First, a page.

No one gets up in the morning and heads to work thinking that he or she will be hurt while completing a task in connection with their job. Nonetheless, this does happen regularly in the state of North Carolina. Depending on one’s occupation, the injuries incurred can be serious. Most employers know that training is a vital component to maintaining a safe workplace. Accordingly, in many settings they are commonplace.
One location where training is very important is for those who work in warehouses. Many positions at these types of locations involve moving large objects from one place to another, often through the use of a forklift. When an accident involving one of these vehicles occurs the outcome can be serious worker injuries.
It is likely that training on how to operate a forklift is likely standard in most warehouse settings. Historically, trainings have been similar to what individuals go through to obtain a driver’s license. It focused on several components including time spent in a classroom, watching videos, watching forklifts in use and actual time behind the wheel of the forklift. Recently however a new forklift training method was developed.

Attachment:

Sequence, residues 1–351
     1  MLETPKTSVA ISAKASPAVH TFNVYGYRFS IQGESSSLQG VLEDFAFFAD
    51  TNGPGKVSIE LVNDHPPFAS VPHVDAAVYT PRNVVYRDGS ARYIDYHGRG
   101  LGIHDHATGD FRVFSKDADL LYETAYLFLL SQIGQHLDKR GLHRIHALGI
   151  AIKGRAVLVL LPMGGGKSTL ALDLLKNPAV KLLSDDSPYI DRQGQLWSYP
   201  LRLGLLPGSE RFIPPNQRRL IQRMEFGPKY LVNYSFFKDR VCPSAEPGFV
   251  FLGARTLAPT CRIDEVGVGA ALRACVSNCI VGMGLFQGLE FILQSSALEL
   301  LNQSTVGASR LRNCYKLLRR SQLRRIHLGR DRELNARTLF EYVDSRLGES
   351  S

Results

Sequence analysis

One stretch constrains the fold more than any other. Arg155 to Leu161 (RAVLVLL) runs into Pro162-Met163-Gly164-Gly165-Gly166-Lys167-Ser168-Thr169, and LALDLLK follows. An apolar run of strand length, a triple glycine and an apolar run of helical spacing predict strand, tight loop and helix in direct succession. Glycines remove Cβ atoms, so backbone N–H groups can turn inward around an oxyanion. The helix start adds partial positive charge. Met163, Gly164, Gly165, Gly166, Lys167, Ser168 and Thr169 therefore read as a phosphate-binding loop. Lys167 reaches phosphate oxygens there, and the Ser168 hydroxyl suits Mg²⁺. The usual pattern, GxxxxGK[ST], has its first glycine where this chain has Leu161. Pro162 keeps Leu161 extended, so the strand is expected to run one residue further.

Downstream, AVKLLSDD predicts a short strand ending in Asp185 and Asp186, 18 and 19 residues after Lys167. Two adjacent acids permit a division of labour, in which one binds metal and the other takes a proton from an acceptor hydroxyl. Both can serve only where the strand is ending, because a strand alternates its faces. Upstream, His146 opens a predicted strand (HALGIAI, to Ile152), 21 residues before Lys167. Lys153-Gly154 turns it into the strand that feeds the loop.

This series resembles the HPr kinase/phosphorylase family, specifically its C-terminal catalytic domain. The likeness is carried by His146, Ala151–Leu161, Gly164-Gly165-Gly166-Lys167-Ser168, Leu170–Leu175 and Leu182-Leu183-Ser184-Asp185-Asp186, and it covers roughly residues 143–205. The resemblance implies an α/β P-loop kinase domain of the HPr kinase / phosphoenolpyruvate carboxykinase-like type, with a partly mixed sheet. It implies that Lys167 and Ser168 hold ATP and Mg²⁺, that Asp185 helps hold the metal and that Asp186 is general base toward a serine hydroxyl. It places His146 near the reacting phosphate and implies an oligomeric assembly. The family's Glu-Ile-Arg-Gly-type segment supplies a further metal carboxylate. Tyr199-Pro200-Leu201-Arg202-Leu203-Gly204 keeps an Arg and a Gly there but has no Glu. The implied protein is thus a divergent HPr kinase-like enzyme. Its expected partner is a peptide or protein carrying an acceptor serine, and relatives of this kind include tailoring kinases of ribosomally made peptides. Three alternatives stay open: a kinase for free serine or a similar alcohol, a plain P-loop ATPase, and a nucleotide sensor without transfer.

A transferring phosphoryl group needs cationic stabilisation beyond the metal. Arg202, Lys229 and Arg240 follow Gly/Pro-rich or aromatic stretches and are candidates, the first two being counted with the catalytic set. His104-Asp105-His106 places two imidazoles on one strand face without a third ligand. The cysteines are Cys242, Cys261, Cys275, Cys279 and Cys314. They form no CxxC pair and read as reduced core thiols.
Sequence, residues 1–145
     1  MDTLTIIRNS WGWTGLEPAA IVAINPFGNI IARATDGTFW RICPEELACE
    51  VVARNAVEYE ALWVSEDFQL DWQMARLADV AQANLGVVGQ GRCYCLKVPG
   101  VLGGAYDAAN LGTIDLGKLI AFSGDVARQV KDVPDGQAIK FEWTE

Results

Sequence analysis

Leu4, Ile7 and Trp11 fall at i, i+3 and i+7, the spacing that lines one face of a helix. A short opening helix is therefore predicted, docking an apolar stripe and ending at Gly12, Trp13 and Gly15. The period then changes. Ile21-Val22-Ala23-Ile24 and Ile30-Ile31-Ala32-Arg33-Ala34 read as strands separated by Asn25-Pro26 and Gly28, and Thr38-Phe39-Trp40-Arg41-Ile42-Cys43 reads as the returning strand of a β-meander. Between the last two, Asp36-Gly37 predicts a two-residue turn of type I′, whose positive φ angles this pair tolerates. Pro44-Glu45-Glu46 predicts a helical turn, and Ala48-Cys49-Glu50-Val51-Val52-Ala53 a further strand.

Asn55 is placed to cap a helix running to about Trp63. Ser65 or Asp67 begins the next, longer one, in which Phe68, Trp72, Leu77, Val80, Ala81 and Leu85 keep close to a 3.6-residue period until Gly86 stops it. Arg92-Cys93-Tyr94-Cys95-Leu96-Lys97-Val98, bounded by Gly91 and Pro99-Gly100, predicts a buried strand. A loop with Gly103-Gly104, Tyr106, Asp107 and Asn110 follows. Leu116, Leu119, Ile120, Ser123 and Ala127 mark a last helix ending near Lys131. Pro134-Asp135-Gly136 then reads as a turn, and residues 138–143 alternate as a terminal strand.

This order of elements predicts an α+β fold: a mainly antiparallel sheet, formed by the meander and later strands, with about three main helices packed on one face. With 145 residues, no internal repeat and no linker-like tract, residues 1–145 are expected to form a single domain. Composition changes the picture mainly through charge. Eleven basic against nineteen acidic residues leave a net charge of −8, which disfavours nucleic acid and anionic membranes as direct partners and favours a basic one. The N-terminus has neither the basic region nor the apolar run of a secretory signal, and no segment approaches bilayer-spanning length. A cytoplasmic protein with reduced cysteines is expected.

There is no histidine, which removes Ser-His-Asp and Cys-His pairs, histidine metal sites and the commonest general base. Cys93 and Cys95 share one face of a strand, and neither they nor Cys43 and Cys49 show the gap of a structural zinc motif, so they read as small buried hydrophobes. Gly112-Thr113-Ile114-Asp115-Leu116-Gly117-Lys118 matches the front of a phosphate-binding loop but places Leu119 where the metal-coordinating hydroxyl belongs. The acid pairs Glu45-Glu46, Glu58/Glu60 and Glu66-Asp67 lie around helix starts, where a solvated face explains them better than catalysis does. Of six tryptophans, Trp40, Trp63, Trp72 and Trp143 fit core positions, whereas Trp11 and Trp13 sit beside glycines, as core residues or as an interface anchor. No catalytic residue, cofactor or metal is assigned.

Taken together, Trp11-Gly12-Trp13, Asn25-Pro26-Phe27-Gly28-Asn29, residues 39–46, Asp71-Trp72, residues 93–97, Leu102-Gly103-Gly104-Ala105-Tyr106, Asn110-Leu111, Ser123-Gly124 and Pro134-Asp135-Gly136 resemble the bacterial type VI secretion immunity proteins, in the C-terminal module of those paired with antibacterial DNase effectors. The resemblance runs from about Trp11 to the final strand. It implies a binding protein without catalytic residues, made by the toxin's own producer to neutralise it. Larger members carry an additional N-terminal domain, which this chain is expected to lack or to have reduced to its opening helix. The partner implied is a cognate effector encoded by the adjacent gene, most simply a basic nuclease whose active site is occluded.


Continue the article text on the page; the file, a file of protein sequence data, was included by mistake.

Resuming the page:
The new training procedure incorporates the latest technologies and utilizes a 3D forklift simulator to provide virtual training. The tools used in the training are similar to what is used in many gaming systems-joysticks, steering wheels and pedal. The simulator provides training in scenarios that are often some of the most dangerous.
The idea behind the new training program is that its use will reduce the number of accidents and deaths that occur as a result of forklift accidents. Most North Carolina warehouse workers would likely agree that it is a good idea.
Source: OHSonline.com, “Virtual Reality Training Program Created for Forklift Operators,” Mar. 11, 2013
- Workers’ compensation cases are often complex. Our firm provides counsel in these types of matters. If you would like to learn more about our practice, please visit our North Carolina industrial workers’ accidents page.